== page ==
The rule generally enunciated with respect to the construction and interpretation of exculpatory clauses and provisions allocating the risk of loss between landlord and tenant, which normally favor the landlord, is that they are closely scanned and given a strict construction against the landlord, who usually has the superior bargaining position. Kuzmiak v. Brookchester, 33 N.J. Super. 575 (App. Div. 1955); Freddi-Gail v. Royal Holding Co., 34 N.J. Super. 142 (App. Div. 1955); Bauer v. 141-149 Cedar Lane Holding Co., 42 N.J. Super. 110 (App. Div. 1956), affirmed 24 N.J. 139 (1957). It is also settled that, if possible without doing violence to the plain meaning of the language used, a court will endeavor to give a construction to a contract which is most equitable to both parties and which will not give to one party an unfair or unreasonable advantage over the other. Washington Construction Co. Inc., v. Spinella, 8 N.J. 212 (1951); Tessmar v. Grosner, 23 N.J. 193 (1957).
These rules favor the construction contended for by the tenant, who urges that the clause in question grants to both parties equal immunities from liability which are mutual and reciprocal. It is not necessary, however, to decide this motion on the basis of any rules of strict construction in favor of one party against the other. Here we have a commercial lease entered into between businessmen. In plain and unmistakable language they mutually agreed that each would insure his own property against loss by fire at his own expense. Their agreement should be construed to accord with the understanding of reasonable businessmen, see Mortgage Co. of New Jersey v. Manhattan Savings Bank, 71 N.J. Super. 489, 497 (Law Div. 1962), and in harmony with the modern judicial view that provisions in leases and other commercial agreements such as that here involved,
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whether couched in language of indemnity or exculpation or imposing obligations with respect to obtaining insurance, are to be viewed realistically as normal, common-sense efforts by businessmen to allocate between them the cost or expense of risks of property damage. They contemplate that such risks will be covered by insurance, and the only practical feature of such bargains ordinarily is the decision as to who is to bear the cost of insurance. Buscaglia v. Owens-Corning Fiberglas, 68 N.J. Super. 508 (App. Div. 1961), affirmed 36 N.J. 532 (1962); Cozzi v. Owens Corning Fiber Glass Corp., 63 N.J. Super. 117 (App. Div. 1960); Midland Carpet Corp. v. Franklin Assoc. Properties, 90 N.J. Super. 42 (App. Div. 1966).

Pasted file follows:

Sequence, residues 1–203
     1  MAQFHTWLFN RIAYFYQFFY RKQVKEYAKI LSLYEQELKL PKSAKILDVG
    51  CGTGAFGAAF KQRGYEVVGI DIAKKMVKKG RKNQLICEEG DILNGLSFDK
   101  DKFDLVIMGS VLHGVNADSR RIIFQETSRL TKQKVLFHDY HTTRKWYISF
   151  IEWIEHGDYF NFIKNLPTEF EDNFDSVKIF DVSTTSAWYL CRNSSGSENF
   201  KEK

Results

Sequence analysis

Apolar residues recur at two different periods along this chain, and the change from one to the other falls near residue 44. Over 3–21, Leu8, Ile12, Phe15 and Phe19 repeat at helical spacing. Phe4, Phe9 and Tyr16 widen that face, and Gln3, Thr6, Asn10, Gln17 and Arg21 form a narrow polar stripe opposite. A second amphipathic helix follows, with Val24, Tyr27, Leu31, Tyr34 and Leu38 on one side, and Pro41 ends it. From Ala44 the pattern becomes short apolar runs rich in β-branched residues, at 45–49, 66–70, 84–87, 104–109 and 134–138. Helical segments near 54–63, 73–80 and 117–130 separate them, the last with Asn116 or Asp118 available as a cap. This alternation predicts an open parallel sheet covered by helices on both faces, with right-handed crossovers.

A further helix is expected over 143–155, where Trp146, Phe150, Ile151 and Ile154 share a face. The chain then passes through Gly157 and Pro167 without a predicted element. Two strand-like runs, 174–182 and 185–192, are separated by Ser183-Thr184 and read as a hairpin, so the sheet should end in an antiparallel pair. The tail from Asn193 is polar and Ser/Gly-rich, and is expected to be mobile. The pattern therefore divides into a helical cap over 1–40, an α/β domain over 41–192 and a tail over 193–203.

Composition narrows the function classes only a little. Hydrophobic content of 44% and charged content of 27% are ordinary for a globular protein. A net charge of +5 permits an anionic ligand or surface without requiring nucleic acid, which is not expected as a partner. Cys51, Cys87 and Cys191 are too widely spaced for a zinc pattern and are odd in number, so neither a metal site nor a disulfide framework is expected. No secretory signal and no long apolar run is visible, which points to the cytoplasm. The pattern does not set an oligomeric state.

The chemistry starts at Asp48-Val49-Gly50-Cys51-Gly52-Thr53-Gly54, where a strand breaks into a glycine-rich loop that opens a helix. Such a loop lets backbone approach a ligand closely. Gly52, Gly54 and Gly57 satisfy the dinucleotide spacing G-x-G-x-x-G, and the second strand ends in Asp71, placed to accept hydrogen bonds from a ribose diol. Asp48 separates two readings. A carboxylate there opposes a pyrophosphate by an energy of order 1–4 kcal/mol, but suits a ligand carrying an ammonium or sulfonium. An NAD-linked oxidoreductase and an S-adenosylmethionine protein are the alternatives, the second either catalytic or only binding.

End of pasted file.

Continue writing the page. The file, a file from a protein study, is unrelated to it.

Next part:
Applying these rules, the sensible and reasonable construction of paragraph 28 is that each of the parties to the lease undertook at his own expense to secure adequate insurance against loss to his property from fire and, as between them, agreed to look to that insurance alone to recoup any loss and to relieve the other from liability for such loss even though caused by negligence, regardless of whether that liability should be asserted by the party for his own benefit or by his insurer seeking to enforce subrogation rights. It is immaterial that there was no express exculpatory clause in favor of the tenant. Although the landlords argue that the fact that an exculpatory clause was inserted in favor of the landlords, whereas none was inserted for the tenant, indicates that exculpation of the tenant was not intended, to so hold would render the agreement as to insurance meaningless as a practical matter, and it is equally arguable that the express exculpatory clause in favor of the landlords, to the extent that it relates to fire damage, was unnecessary and was inserted out of an abundance of caution.
The decision of the Supreme Court in Mayfair Fabrics, supra. clearly supports this construction. Although the court there was viewing matters from the landlords' end and gave effect to the express exculpatory clause in their favor,
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it is clear that full effect was also given to the mutual agreement to insure. Referring with approval to the decision in Midland Carpet Corp. v. Franklin Assoc. Properties, supra, the court ruled:
"As in Midland, the parties here were not in unequal bargaining positions. They deliberately distributed the risks and designated who was to obtain the necessary insurance. The commercial tenant had full legal representation and the typewritten rider, which included several provisions for the tenant's benefit, evidenced the actual bargaining between the parties. Paragraph 28 was patently designed to place responsibility for fire damage to the tenant's property entirely on the tenant who was to carry fire insurance thereon. The responsibility for the building was that of the landlords who were to insure it against loss by fire, with a privilege to declare the lease void if they could not obtain fire insurance at standard rates because of the hazards of the tenant's business. The distribution of the risks entailed no elements of injustice and did not conflict with the public interest. It was a private contractual arrangement fairly and freely entered into and which the common law would sympathetically carry out in accordance with the contemplation of the parties." (48 N.J., at p. 488)